Dauphinette designer Olivia Cheng’s show was packed to the gills with editors and fans of her twee, dainty, and inventive clothing and accessories. She integrated her Chinese heritage into the spring 2024 collection by beading the character for her mother’s last name, Shu, into floor-length gowns, much like the way Chinese artists would sign their works with a chop, or seal. “Asian designers are making distilled, thorough, and aspirational interpretations of who they are, but it’s not who they are in entirety, in identity,” Cheng says. “That is definitely something that the cultural lexicon, if you will, is creating more space for, especially within the AAPI community.”
For Sho Konishi, a Japanese designer who debuted at NYFW with a digital showcase, Stop Asian Hate was a major source of inspiration. “I got very angry about it,” Konishi says. “ I’m not just asking you to stop—you need to respect us, too.” The main theme, thus, for his spring 2024 collection? “Asians are cool!” he says.
There are marked cultural differences between Asian American designers and designers who grew up in Asia and now work in the United States. Konishi says he sees a difference in Japanese values—which call for working hard, keeping quiet, and letting the product speak for itself—while American designers tend to be a little louder.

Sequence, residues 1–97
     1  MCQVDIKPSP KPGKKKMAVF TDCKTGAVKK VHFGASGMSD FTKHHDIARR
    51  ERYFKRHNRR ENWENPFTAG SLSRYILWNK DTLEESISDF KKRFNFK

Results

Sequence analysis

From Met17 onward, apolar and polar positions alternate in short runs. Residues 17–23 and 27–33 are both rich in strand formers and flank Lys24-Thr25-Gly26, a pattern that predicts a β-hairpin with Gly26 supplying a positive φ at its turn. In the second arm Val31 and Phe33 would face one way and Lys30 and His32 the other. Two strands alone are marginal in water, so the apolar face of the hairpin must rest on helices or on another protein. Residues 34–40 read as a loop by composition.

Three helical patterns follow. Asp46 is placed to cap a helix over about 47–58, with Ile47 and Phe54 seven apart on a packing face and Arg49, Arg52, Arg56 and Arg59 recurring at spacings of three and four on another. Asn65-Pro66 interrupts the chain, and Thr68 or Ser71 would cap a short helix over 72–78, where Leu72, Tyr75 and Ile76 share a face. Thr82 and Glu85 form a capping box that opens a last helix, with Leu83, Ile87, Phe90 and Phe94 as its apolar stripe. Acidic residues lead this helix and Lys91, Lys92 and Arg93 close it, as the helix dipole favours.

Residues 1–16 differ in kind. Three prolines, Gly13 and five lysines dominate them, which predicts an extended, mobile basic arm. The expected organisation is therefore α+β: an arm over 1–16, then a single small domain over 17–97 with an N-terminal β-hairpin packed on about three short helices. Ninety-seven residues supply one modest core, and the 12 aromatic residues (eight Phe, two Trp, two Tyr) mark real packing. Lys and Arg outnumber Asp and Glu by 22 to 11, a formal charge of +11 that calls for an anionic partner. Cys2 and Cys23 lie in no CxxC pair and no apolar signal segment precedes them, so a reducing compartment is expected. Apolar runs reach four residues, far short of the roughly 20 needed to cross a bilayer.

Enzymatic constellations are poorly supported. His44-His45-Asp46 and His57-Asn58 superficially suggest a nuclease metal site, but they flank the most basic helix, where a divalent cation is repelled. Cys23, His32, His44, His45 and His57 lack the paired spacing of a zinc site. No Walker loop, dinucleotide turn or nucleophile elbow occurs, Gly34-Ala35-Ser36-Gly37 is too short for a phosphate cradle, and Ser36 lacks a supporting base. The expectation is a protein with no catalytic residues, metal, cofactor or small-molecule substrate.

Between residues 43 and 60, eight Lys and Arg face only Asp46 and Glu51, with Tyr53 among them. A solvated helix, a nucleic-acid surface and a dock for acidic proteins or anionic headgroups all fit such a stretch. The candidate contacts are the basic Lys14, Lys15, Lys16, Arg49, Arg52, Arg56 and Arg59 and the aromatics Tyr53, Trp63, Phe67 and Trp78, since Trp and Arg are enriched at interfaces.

“I express myself a lot,” he adds. “When I go back to Japan, the Japanese say, ‘Oh my god, you’re something else.’ I respect the Japanese culture of being humble, being shy, but we’ve got to fight, especially when it comes to hate.”
Both the old and new guards of Asian designers in New York City are raising their voices with their designs—telling their own stories and demonstrating that Asian identity is far from a monolith. “As painful as the memories were and all the things that we lost, we’ve gained a renewed sense of purpose and intention,” Lim adds. “And we gained a community.”